Clearly, this biography has been a quest for answers to some of the puzzles and contradictions which prompted Seymour to begin it. Equally clearly it has been a labour of love. Diligently and meticulously researched as it is, it is still absorbing and very easy-to-read. And the portrait of Mary Shelley which it reveals is of “a woman who struggled all her life against the unpredictability of her own nature”; a woman who was clever, idealistic, and often misguided in her choice of friends; a woman who was distraught by the deaths of all but one of her children and who suffered from bouts of clinical depression, yet “seldom revealed her unhappiness and continued, until the end of her life, to work to win Shelley, never herself, the honour she felt was his due”. A remarkable woman.

There is no doubt, given Seymour’s summary of the various ways in which Mary’s life was presented to the world after her death, that some rebalancing was due. There is no doubt, too, that it is good to place Mary in the context of the changing times in which she lived and that her strong, independent views on society and politics strongly influenced her life and were reflected in her work. But whether Seymour’s understanding and her generous conclusions about Mary will be the final picture is doubtful - there will always be another possible side to the story.

Biography is immensely popular with readers but it is well to remember that it is, as the differences of opinion amongst Mary Shelley’s biographers demonstrates, a subjective art. At worst, it panders to prurient interest in the private lives of others. At best, it is reliant on limited factual evidence about its subject, on the subjective comment of friends and relatives, and on the biographer’s own selective interpretation and presentation of the available material.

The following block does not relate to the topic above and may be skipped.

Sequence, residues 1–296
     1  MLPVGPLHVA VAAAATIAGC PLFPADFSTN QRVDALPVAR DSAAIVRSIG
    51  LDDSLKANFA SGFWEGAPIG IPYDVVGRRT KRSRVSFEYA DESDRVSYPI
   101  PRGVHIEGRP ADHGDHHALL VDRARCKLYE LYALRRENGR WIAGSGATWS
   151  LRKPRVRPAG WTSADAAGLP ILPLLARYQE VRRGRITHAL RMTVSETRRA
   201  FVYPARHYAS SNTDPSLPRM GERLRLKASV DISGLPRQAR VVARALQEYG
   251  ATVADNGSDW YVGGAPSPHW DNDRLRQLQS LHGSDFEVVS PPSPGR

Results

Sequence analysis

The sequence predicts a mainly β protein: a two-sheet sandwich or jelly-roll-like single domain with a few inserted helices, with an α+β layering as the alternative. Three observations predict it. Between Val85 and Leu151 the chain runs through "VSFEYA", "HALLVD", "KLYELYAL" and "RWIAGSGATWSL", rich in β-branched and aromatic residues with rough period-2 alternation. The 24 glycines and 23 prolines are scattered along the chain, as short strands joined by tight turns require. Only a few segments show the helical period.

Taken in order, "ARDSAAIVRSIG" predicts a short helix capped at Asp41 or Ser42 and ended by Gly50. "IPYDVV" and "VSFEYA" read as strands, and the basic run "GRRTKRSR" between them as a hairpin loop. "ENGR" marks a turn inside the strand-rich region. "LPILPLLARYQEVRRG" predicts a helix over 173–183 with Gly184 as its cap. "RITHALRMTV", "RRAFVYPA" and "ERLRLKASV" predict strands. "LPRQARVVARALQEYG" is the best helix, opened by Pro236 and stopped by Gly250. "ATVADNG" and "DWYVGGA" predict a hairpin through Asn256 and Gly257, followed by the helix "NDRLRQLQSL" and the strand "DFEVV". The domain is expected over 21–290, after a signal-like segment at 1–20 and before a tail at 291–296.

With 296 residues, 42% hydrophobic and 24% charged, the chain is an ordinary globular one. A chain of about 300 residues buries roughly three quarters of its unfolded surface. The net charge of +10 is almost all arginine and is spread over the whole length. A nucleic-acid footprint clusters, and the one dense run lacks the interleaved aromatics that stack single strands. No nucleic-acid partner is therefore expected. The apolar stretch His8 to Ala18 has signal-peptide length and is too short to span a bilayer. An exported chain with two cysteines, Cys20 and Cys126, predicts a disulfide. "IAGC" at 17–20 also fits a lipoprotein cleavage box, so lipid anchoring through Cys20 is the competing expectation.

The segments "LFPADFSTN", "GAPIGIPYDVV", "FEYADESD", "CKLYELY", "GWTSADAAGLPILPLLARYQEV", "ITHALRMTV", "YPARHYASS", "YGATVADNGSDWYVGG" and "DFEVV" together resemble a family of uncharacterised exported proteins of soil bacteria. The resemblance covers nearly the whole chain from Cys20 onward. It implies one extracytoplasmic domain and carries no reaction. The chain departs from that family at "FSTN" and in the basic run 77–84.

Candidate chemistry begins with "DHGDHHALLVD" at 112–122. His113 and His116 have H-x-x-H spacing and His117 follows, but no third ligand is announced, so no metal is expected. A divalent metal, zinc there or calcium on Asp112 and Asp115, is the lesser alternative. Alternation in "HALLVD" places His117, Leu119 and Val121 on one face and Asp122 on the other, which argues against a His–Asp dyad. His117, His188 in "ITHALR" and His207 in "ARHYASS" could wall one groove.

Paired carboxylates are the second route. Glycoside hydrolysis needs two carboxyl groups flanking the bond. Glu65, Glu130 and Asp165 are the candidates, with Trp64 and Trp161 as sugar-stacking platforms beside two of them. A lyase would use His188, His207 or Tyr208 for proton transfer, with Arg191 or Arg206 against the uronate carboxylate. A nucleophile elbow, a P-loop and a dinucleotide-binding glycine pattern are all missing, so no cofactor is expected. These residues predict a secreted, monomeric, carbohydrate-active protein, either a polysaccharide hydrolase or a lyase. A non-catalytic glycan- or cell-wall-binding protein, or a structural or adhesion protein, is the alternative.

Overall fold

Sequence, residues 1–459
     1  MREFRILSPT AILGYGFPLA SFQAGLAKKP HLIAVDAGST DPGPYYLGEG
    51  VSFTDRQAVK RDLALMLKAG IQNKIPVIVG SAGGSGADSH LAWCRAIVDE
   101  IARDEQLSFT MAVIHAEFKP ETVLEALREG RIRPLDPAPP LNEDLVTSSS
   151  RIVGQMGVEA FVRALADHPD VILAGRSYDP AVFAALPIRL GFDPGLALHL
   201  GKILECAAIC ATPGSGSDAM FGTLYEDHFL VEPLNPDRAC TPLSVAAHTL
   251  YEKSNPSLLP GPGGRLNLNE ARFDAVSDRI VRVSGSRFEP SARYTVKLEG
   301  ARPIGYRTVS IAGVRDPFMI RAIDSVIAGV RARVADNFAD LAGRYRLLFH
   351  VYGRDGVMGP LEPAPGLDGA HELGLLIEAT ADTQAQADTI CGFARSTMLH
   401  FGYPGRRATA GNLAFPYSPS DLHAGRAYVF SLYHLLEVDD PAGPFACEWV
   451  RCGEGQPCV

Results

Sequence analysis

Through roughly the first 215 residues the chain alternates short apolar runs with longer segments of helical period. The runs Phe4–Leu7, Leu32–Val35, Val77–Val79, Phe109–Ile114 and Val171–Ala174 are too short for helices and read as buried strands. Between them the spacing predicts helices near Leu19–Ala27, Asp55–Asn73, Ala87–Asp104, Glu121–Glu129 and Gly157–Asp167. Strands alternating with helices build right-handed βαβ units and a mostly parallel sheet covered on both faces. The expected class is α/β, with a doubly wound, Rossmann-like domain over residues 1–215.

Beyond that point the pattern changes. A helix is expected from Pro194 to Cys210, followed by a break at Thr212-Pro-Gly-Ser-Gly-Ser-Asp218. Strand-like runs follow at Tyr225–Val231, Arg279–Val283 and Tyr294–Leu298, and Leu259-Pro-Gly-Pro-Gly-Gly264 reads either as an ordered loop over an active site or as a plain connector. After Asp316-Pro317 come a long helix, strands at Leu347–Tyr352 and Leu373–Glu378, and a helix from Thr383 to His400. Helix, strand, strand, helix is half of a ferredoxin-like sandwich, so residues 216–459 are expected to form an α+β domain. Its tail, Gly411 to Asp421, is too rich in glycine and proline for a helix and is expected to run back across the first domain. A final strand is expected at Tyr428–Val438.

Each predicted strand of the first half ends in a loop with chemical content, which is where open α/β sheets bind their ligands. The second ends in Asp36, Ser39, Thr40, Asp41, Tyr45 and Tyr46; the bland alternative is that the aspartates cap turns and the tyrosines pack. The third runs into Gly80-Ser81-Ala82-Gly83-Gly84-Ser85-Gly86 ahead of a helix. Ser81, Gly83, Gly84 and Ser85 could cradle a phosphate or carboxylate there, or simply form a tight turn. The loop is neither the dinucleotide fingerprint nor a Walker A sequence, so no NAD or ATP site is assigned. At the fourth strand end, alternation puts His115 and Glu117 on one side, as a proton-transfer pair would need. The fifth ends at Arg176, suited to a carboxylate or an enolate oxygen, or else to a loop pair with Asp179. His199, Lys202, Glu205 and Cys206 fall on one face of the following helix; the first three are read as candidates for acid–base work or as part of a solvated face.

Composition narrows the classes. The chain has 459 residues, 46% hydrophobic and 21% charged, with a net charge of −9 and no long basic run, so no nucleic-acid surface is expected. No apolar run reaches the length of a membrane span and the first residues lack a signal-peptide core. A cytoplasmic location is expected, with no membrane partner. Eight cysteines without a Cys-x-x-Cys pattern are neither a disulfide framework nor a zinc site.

Miranda Seymour’s biography of Mary Shelley is of the latter kind, and it is as objective and factual as it is possible to be without becoming dry and boring. Seymour wrote it with the general reader in mind and it is enjoyable, varied and easy reading.

Scholars, too, will find Seymour’s discussion of Mary’s work and some new suggestions of Mary’s sources for Frankenstein of interest, and her Bibliography and Notes valuable. The Notes, however, are frustratingly organized by chapter only, without the added assistance of page numbers; and the Index is badly arranged with long, compressed chronological (rather than alphabetical) lists of sub-topics under, for example, major headings like “Frankenstein” or “Mary Shelley”. It is a pity that such irritations should mar a well-researched and well-written book.


© Ann Skea 2001. For permission to quote any part of this document contact Dr Ann Skea at ann@skea.com